Appeal from the Order of the Court of Common Pleas of Allegheny County, in case of Commonwealth of Pennsylvania, Department of Transportation, Bureau of Traffic Safety v. Michael R. Doherty, No. SA 1530 of 1981.
Robert C. Bell, Assistant Counsel, with him, Harold H. Cramer, Assistant Counsel, Ward T. Williams, Chief Counsel, and Jay C. Waldman, General Counsel, for appellant.
Paul D. Boas, Berlin, Boas & Isaacson, for appellee.
Judges MacPhail, Barry and Palladino, sitting as a panel of three. Opinion by Judge Barry. Judge Williams, Jr., did not participate in the decision in this case. Judge Palladino dissents.
[ 88 Pa. Commw. Page 483]
This appeal results from an order of the Allegheny County Court of Common Pleas which overturned the six month suspension of Michael Doherty's operator's license imposed by the Department of Transportation (DOT) for his refusal to submit to a breathalyzer test.
A City of Pittsburgh police officer noticed Mr. Doherty parked in his car beneath the McArdle Roadway Bridge. The car had been damaged quite extensively apparently as the result of an accident. The officer stated he detected the odor of alcohol on Mr. Doherty's breath and he was charged with driving under the influence of alcohol.
Mr. Doherty was transported to a hospital because of some injuries from the accident. He voluntarily submitted to a test administered by the treating physician to determine the alcoholic content of his blood. Following treatment, Mr. Doherty was taken to the police station for a breathalyzer test and advised of the consequences of a refusal. When asked to submit, he replied, "May I call my lawyer?" whereupon the testing officer recorded a refusal*fn1 which was certified to DOT.*fn2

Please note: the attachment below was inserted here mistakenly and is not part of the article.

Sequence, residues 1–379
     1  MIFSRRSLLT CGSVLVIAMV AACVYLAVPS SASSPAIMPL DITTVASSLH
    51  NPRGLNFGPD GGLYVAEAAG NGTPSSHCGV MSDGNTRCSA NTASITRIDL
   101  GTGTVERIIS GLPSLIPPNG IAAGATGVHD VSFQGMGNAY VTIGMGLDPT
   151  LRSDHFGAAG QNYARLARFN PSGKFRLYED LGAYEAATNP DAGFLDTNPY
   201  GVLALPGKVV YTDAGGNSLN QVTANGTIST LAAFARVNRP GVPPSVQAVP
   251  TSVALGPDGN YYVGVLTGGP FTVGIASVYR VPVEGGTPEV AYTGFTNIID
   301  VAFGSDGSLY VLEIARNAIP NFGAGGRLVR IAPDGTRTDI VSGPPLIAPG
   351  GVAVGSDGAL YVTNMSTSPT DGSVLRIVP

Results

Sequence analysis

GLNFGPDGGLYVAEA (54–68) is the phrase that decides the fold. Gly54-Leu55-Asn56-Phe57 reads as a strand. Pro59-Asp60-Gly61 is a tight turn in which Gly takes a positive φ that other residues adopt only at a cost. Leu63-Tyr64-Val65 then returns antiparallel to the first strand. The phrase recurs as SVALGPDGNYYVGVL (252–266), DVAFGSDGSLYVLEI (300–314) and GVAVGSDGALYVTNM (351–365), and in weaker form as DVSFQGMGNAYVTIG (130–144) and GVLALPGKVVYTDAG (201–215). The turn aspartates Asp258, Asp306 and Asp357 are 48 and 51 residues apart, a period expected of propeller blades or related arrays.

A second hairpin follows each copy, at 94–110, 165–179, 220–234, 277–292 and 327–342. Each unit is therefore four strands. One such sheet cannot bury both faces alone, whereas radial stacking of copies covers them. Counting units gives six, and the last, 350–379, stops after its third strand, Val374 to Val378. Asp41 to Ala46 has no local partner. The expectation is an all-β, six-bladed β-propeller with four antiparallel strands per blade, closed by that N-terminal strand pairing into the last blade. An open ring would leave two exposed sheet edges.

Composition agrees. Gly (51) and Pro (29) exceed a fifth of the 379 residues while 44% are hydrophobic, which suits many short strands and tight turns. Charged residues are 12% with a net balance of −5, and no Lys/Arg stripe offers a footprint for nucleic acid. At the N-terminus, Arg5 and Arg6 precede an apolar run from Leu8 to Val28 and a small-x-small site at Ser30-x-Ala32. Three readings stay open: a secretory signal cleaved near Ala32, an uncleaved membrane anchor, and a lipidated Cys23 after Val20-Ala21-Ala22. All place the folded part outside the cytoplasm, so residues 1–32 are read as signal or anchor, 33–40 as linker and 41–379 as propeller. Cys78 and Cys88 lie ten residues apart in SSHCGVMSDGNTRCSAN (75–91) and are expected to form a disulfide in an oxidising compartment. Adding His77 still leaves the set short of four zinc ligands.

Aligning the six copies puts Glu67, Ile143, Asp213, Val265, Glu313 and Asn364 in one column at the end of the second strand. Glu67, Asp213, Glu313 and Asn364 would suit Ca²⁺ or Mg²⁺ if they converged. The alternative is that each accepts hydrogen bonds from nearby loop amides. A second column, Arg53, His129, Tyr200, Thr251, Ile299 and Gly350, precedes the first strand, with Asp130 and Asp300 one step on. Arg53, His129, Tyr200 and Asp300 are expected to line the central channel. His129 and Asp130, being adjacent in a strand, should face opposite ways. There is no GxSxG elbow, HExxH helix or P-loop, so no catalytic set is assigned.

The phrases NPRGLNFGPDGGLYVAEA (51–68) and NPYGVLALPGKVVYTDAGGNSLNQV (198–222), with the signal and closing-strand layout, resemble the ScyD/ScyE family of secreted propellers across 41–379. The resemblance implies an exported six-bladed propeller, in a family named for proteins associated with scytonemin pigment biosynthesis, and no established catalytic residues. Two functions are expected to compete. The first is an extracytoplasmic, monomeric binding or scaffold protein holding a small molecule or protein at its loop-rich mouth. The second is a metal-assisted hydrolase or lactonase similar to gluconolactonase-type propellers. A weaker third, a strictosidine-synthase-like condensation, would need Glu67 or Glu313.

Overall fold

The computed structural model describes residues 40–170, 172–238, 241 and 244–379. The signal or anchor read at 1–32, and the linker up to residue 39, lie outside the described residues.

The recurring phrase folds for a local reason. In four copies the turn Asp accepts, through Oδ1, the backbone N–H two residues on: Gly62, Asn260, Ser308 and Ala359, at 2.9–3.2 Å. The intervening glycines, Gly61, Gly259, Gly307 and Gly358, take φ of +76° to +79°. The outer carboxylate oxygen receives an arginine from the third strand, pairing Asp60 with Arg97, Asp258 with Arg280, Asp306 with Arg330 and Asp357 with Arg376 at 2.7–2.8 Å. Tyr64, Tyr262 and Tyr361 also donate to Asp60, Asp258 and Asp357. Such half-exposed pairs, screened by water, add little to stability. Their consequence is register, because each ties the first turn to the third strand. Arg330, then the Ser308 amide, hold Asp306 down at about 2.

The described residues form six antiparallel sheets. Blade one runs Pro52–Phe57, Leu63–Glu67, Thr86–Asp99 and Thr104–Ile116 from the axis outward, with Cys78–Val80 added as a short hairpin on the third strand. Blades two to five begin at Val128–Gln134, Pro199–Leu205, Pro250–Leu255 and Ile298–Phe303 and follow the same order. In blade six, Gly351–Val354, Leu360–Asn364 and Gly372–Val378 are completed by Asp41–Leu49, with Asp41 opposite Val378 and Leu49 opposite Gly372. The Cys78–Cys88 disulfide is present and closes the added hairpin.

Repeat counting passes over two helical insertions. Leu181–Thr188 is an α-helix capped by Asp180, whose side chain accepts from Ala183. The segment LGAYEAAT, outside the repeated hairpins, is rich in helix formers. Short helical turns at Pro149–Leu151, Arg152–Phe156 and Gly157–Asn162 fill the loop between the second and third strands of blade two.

As a result, DOT suspended Mr. Doherty's driver's license for six months pursuant to Section 1547 of the Vehicle Code (Code), 75 Pa. C.S. § 1547. His appeal
[ 88 Pa. Commw. Page 484]
before the trial court was sustained because Mr. Doherty had already voluntarily submitted to a blood test of which the police had knowledge and, therefore, the trial court found that his refusal was justified. This appeal followed.
DOT posits the view that Mr. Doherty's voluntary submission to the blood test did not justify his refusal to take the breathalyzer test because the arresting officer had no knowledge of the blood test or its purpose and Mr. Doherty was physically capable of performing the breathalyzer test. DOT, moreover, contends that it has established that Mr. Doherty had refused the breathalyzer test and that therefore the license suspension was proper.
In response, Mr. Doherty argues that he voluntarily submitted to a blood test and that, under Section 1547 of the Code, he was required only to submit to one test, either blood or breathalyzer. Mr. Doherty, therefore, contends that he had already complied with the Code when he allegedly refused the breathalyzer test. Alternatively, Mr. Doherty asserts that he did not refuse the ...